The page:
Google hits back at EU antitrust charges... again

 
Lynsey Barber
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Brussels claims Google's Android operating system is anti-competitive (Source: Getty)

Google has hit back against the EU watchdog for a third time, this time over claims that its Android operating system is anti-competitive, saying it is the most "open, flexible, and differentiated of the mobile computing platforms".

The US tech giant has filed a response to charges by the European Competition Commission accusing it of "implementing a strategy" that favoured its own search products on smartphones.

In a response to the EU's statement of objectives raised earlier this year, Google said the commission is misunderstanding the smartphone landscape by thinking that Apple's iOS is not a competitor.

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"First, the Commission’s case is based on the idea that Android doesn’t compete with Apple’s iOS. We don’t see it that way. We don’t think Apple does either. Or phone makers. Or developers. Or users," said Google's general counsel Kent Walker in a blog post.

"In fact, 89 per cent of respondents to the Commission’s own market survey confirmed that Android and Apple compete. To ignore competition with Apple is to miss the defining feature of today’s competitive smartphone landscape."

Concerns were also raised that the watchdog was underestimating how important it was that the operating systems were not fragmented which would make it harder for developers to work with, saying that they "work with hardware makers to establish a minimum level of compatibility among Android devices".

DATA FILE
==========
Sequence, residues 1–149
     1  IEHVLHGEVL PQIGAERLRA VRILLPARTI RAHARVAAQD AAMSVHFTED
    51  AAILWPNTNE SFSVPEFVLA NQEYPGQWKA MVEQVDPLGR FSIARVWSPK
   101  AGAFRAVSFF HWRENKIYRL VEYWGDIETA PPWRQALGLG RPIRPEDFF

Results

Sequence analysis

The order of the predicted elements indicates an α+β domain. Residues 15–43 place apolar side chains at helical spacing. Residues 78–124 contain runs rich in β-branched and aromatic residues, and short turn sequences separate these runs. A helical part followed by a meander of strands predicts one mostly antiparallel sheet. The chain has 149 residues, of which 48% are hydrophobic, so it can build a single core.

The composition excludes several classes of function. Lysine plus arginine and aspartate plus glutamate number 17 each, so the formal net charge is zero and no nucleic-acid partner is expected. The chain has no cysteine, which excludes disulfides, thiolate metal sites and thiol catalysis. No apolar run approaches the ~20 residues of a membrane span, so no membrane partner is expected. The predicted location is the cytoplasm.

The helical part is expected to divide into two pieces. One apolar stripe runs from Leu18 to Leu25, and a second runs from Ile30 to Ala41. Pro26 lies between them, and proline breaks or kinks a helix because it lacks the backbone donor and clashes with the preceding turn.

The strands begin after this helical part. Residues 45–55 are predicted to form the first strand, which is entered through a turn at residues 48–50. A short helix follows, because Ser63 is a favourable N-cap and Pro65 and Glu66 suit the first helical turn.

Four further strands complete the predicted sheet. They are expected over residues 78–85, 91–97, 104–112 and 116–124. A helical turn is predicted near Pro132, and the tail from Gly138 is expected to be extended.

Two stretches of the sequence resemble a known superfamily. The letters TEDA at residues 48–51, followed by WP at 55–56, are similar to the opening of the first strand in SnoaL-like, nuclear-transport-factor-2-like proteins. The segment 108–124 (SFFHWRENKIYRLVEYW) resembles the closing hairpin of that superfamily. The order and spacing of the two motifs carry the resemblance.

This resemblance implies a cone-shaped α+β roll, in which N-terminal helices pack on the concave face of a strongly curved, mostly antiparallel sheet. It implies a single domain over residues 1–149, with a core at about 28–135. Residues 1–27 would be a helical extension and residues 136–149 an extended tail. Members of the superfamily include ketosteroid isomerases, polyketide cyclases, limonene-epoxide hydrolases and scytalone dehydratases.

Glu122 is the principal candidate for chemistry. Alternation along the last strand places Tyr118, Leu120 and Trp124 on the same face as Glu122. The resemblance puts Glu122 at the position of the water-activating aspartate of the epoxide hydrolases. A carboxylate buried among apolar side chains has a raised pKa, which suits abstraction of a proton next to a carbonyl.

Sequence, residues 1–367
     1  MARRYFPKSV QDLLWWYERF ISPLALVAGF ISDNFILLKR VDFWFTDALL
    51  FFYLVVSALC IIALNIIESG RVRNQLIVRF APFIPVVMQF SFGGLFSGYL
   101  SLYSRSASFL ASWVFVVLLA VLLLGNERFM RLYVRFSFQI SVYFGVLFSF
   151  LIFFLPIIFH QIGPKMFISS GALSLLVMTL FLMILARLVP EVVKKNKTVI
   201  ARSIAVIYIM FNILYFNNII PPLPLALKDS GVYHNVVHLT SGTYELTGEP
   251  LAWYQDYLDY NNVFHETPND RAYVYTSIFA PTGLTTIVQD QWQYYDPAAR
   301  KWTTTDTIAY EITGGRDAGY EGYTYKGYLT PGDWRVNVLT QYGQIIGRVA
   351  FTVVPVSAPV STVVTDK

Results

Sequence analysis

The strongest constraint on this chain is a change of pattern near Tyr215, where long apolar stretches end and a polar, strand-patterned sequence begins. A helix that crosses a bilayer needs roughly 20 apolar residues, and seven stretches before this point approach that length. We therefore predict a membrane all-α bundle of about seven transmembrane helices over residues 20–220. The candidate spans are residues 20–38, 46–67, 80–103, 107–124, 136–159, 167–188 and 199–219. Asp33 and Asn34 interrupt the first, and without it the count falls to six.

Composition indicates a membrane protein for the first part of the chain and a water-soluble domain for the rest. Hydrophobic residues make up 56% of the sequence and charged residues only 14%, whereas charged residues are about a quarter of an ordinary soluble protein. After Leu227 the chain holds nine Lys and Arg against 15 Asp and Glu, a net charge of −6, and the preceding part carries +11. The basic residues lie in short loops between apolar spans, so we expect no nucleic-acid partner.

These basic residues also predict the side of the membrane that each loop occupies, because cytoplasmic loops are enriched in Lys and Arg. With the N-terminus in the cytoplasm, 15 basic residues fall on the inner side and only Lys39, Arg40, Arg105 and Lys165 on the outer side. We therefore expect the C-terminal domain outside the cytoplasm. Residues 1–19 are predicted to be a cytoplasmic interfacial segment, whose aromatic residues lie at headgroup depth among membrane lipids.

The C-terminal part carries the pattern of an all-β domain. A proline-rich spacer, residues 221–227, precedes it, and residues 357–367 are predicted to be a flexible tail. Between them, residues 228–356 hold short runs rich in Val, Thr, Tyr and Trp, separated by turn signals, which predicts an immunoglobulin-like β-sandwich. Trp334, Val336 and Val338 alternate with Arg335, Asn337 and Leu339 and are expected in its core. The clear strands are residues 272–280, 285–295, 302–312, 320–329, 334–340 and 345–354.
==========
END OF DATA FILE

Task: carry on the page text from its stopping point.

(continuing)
"The Commission’s proposal risks making fragmentation worse, hurting the Android platform and mobile phone competition," said Walker.

Competition chief Margrethe Vestager believes Google broke competition rules by requiring other smartphone makers to pre-install Google's search and browser apps and that it also stopped them from selling devices running on competing operating systems. She also claims that they were handed "financial incentives" by Google to put only Google's search on devices.

Google also responded, saying manufacturers are not obligated to put Google's apps on their devices, "But we do offer manufacturers a suite of apps so that when you buy a new phone you can access a familiar set of basic services." Walker added that consumers could "swipe away" any of the apps at any time.

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And making a final point, Google said that having Google search and its app store Google Play pre-installed was part of the reason it was able to give Android away for free.

"This free distribution is an efficient solution for everyone — it lowers prices for phone makers and consumers, while still letting us sustain our substantial investment in Android and Play," he said.

The tech giant last week responded to two other separate charges from the EU in relation to its shopping and Adsense products and has been granted several extensions to give them more time to respond to all three.

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